7. Conclusion
This work builds on previous descriptions of the MUSIC code by providing a series of nonlinear, multidimensional tests. In a model of the RayleighTaylor instability MUSIC produces comparable mixing layer widths to the well established ATHENA code. The test was additionally used to assess the new implementation of passive scalars within MUSIC. The KelvinHelmholtz test of McNally et al. (2012) provides reference solutions for peak kinetic energy, and the mode amplitude, which are both reproducible using the MUSIC code. Furthermore the variable nature of the convergence of the velocity field for this test problem is examined. Like many other astrophysical codes MUSIC does not include explicit viscous terms. Using the TaylorGreen vortex the ability of MUSIC to reproduce features of established ILES codes, and conventional LES codes is shown, as well as observations suggesting an increasing effective Reynolds number with increasing grid size. Finally, MUSIC converges towards the hydrostatic equilibrium within a radiatively dominated portion of a star, in an efficient manner through the application of a preconditioning technique adapted to such a problem.
Whilst this work aims to increase confidence in MUSIC calculations, we intend it to be of general use as the basis of a code comparison test suite for hydrodynamics. Such a benchmarking exercise provides confidence and credibility to simulations. This work concludes the development of the hydrodynamical core of MUSIC. Future work will focus on applications to stellar interiors, such as convective overshooting and sheardriven mixing.
We use ATHENA version 4.2 available from https://trac.princeton.edu/Athena/wiki/AthenaDocsDownLd
Equation (11) is taken from the ATHENA source code.
Available from http://pencilcode.nordita.org/
Acknowledgments
This project has received funding from the European Unions Seventh Framework Programme for research, technological development and demonstration under grant agreement No. 320478. The calculations for this paper were performed on the DiRAC Complexity machine, jointly funded by STFC and the Large Facilities Capital Fund of BIS, and the University of Exeter Super computer, a DiRAC Facility jointly funded by STFC, the Large Facilities Capital Fund of BIS and the University of Exeter. We are very thankful to Colin McNally for providing his results for the KelvinHelmholtz test.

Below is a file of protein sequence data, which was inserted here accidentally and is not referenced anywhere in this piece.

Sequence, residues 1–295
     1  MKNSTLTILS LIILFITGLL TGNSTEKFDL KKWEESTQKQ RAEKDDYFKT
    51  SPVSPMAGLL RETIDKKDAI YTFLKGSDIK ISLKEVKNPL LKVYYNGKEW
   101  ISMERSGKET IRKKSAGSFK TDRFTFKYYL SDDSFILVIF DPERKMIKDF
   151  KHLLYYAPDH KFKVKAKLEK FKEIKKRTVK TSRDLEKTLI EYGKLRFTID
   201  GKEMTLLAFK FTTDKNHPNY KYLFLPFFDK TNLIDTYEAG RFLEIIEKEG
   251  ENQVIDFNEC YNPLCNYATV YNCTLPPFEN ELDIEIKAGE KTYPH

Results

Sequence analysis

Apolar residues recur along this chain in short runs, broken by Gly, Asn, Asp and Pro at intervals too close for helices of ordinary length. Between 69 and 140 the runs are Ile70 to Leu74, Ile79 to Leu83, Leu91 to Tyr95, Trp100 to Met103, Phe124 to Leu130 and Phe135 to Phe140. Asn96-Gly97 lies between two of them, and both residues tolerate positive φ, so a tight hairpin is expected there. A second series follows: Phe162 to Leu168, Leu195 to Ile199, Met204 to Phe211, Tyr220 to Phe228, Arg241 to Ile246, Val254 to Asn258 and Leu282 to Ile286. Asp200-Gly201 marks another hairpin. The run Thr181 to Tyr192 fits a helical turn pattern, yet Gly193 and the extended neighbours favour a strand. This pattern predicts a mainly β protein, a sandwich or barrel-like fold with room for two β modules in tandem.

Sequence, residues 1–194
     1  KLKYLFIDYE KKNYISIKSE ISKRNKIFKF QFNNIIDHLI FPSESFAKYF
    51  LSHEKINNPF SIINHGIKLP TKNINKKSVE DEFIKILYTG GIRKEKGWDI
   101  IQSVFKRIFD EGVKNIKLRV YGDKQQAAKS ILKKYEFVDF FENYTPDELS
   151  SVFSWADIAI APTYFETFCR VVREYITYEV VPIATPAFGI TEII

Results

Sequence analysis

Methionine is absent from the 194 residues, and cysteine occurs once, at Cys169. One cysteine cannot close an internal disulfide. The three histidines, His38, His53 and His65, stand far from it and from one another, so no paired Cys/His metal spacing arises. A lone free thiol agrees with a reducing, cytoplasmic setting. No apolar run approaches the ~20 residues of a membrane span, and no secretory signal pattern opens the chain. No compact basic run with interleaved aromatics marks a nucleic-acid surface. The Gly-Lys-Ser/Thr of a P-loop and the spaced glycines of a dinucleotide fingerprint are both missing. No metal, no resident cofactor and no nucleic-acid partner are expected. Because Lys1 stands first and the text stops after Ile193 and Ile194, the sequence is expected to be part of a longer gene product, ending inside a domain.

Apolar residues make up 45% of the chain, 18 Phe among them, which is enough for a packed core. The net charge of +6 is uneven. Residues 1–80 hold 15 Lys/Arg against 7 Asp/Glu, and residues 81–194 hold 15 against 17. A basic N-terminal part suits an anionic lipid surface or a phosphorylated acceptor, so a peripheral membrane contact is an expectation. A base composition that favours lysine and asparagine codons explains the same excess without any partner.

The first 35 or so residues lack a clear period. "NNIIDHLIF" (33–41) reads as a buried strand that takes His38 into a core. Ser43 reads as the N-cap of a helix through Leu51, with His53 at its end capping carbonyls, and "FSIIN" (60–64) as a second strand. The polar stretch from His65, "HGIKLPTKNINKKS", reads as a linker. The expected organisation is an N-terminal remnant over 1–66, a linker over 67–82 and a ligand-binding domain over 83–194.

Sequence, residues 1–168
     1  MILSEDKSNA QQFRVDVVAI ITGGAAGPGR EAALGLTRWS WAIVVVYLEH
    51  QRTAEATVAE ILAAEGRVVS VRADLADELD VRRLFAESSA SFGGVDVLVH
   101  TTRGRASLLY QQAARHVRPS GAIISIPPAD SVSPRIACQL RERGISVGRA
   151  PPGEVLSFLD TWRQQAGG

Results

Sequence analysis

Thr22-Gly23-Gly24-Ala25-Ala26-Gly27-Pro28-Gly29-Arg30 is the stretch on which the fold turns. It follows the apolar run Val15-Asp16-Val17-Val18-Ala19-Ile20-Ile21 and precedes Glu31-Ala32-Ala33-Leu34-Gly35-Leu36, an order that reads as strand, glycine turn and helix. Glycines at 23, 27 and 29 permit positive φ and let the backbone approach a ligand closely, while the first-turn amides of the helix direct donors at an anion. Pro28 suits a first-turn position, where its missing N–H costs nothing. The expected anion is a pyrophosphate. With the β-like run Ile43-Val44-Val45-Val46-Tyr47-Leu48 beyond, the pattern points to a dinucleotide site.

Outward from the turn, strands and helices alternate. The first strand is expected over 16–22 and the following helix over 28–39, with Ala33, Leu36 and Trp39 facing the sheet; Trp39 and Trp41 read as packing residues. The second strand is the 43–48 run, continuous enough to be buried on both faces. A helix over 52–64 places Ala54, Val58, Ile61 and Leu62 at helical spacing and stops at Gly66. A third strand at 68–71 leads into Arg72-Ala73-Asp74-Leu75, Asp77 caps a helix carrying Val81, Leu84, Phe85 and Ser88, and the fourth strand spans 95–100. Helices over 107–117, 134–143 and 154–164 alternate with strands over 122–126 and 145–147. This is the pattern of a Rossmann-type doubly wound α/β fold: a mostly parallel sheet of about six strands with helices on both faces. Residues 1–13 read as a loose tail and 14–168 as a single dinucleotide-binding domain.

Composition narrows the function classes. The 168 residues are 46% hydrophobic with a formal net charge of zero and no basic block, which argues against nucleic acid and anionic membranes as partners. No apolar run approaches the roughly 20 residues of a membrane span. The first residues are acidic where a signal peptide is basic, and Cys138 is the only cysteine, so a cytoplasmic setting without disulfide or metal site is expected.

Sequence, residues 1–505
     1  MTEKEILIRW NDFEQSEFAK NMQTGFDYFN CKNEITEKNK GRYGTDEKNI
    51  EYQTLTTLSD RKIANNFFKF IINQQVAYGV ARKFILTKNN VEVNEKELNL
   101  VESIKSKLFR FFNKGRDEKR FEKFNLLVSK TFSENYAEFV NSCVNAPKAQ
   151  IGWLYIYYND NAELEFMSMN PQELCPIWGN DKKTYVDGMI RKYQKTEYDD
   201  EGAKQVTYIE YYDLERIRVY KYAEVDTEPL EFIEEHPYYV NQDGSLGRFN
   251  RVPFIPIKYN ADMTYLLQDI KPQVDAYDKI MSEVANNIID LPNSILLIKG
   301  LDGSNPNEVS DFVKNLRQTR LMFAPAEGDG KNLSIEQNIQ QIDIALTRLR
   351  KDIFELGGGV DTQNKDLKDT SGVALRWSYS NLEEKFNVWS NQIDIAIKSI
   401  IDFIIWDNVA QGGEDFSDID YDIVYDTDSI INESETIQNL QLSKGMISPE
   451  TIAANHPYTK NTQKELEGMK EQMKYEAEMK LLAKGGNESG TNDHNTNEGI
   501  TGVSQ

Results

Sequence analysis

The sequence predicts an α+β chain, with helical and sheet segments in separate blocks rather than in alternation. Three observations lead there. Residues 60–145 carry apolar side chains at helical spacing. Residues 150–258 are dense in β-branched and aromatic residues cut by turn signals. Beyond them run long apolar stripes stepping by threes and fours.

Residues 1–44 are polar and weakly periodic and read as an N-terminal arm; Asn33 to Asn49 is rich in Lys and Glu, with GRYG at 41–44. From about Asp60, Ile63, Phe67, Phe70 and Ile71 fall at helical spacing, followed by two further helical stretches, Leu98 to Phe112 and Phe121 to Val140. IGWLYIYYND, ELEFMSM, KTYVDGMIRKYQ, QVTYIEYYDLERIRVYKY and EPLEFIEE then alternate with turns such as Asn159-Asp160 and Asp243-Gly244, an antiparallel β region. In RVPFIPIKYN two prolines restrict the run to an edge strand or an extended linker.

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All Tables
Power law decay constants fitted to the observed kinetic energy from 256^{3} TaylorGreen vortex calculations.
All Figures
Fig. 1
Evolution of mixing region width using the method of Cabot and Cook (2006). 

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In the text 
Fig. 2
Final density plots for identical RayleighTaylor calculations performed with (left) MUSIC and (right) ATHENA each with a grid size of . 

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In the text 
Fig. 3
Evolution of mixing region width using passive scalars. 

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In the text 
Fig. 4
Evolution of the mode amplitude and peak vertical kinetic energy for the KelvinHelmholtz instability. The McNally et al. (2012) solution is shown as a black line. Units are dimensionless. 

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In the text 
Fig. 5
Relative error, as defined by Eq. (17), in the vertical velocity component for the KelvinHelmholtz test for different numbers of grid points in the xdirection. In all calculations N_{y} = N_{x}. Dashed lines indicate regions where second and first order convergence is observed. 

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In the text 
Fig. 6
Visualisation of the density in the KelvinHelmholtz problem for (left) grid size 64^{2} and (right) grid size 2048^{2} at t = 1.5. 

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In the text 
Fig. 7
Visualisation of the relative errors for the KelvinHelmholtz test compared to the highest grid size 4096^{2} for (left) grid size 64^{2} and (right) grid size 2048^{2} at t = 1.5. 

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In the text 
Fig. 8
Evolution of the volume averaged, normalised kinetic energy in TaylorGreen vortex simulations. The three simulations shown are identical except for the limitation on the timestep based on the hydrodynamic CFL number. The black dashed line shows a t^{2} decay. 

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In the text 
Fig. 9
Decay rate of the TaylorGreen vortex, for different grid sizes. 

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In the text 
Fig. 10
Radial profiles from the 1D model of the temperature (in units of 10^{5} K), density (in units of 10^{6} g cm^{3}) and sound speed (in units of 10^{7} cm s^{1}) in the outer radiative envelope of a 20 M_{⊙} star with zero metallicity. R is the total stellar radius. 

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In the text 
Fig. 11
Evolution of the total kinetic energy E_{kin} (in erg) during the relaxation process toward hydrostatic equilibrium in the stellar model. Time t is in seconds. 

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In the text